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Is your company’s online presence going to attract staff?

February 11, 2019

How much priority do you give your company's online presence when it comes to brand reputation?

 

Chances are you have a website, company Facebook and LinkedIn pages, probably Twitter, maybe Instagram or even a Youtube channel and podcasts.

 

If they are not a company-wide priority, new research by online job platform indeed suggests they should be.

 

 

While these may be driven by your marketing team, increasingly candidates will consider an organisation’s online presence to make their own decisions about who you are, your values and whether they feel you are a cultural fit, and therefore an organisation they want to work with.

 

A January 2019 survey of 1,000 Australian jobseekers by Indeed, reveals 95 per cent of job seekers read reviews of potential employers with 79 per cent saying they are sceptical of companies with no online presence.

 

The survey also found that more than one-quarter (28 per cent) of candidates will not “trust an employer with negative online reputation” and that 64 per cent of jobseekers will focus on companies with the best online reputations if they have access to information about the company”.

 

Additionally, more than 50 per cent of job hunters “will have a more positive perception of an organisation if employers respond to a negative review”, Indeed said in a blog on the results of the survey.

 

“We live in an age of radical transparency,” Indeed’s Employer Insights Strategist, Jay Munro, said as the company promotes its Company Pages Premium service. "While reputation has always been important for any employer, in the digital age it is increasingly vital for companies to be transparent as they bid to a tract the best talent in a competitive landscape.

 

“Reputation and trust have always gone hand in hand in business, and prospective employees are as discerning and thorough in their approach to a new company as customers would be. Expectations surrounding transparency have become so ingrained that an absence of online information is a major red flag for the majority of job hunters.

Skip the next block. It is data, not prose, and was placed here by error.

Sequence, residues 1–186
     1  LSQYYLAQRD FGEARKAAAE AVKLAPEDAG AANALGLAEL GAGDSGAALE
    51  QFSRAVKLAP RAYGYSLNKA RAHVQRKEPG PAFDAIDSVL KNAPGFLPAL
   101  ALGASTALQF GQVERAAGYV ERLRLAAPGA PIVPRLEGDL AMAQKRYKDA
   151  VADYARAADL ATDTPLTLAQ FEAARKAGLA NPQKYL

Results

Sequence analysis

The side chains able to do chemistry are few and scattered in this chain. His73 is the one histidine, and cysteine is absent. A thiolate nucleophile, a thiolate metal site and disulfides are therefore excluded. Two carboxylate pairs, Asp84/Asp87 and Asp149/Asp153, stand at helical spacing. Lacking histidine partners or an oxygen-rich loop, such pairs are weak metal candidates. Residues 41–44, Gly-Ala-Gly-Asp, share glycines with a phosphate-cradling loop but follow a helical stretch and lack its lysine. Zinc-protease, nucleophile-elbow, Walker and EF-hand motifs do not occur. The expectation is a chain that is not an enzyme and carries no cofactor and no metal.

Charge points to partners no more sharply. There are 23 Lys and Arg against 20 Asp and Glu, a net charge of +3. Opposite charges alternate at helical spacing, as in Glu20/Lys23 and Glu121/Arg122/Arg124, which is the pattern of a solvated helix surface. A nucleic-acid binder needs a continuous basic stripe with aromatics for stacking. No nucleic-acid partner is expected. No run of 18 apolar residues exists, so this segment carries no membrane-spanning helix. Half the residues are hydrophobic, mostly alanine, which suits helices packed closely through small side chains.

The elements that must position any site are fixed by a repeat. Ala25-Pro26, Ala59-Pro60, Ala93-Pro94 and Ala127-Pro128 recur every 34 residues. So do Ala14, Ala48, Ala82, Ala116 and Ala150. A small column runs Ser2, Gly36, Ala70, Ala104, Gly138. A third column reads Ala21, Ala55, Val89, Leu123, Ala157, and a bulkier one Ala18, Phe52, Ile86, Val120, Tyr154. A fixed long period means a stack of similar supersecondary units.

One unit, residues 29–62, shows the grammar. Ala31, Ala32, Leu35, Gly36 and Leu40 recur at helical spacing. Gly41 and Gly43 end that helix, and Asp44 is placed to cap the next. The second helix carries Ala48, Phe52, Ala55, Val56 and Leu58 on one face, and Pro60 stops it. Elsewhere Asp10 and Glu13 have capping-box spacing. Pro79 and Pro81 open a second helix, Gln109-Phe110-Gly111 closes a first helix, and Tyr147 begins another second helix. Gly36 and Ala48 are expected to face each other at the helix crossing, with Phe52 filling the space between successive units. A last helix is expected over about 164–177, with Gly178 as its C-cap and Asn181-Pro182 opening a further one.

“The culture and expectations surrounding job search have changed forever. Employers should embrace this new culture of transparency and seize every opportunity they have to start sharing their stories online and build their employer brands.”

 

Jobseekers participating in the survey were asked to name their five most important considerations while they were doing online research of a company prior to submitting a job application with them. “Expected hours and work-life balance was a clear winner (58%), followed by insights around salary (45%), and insights into the stability of the company (41%),” Indeed reports in its blog. “Next up was information about staff turnover (38%) and opportunities for promotion at the company (37%).

 

“Online reviews aren’t just important when candidates are researching whether or not to apply to a company. They also play a vital role at the other end of the process, when job seekers are deciding whether or not to accept a job.

 

“Only salary information (49%), and information about the company on their website (40%), were important to job seekers when considering a job offer.

 

“However, more than one third (38%) of respondents named online company reviews by current and former employees as the third most important factor for making this decision.”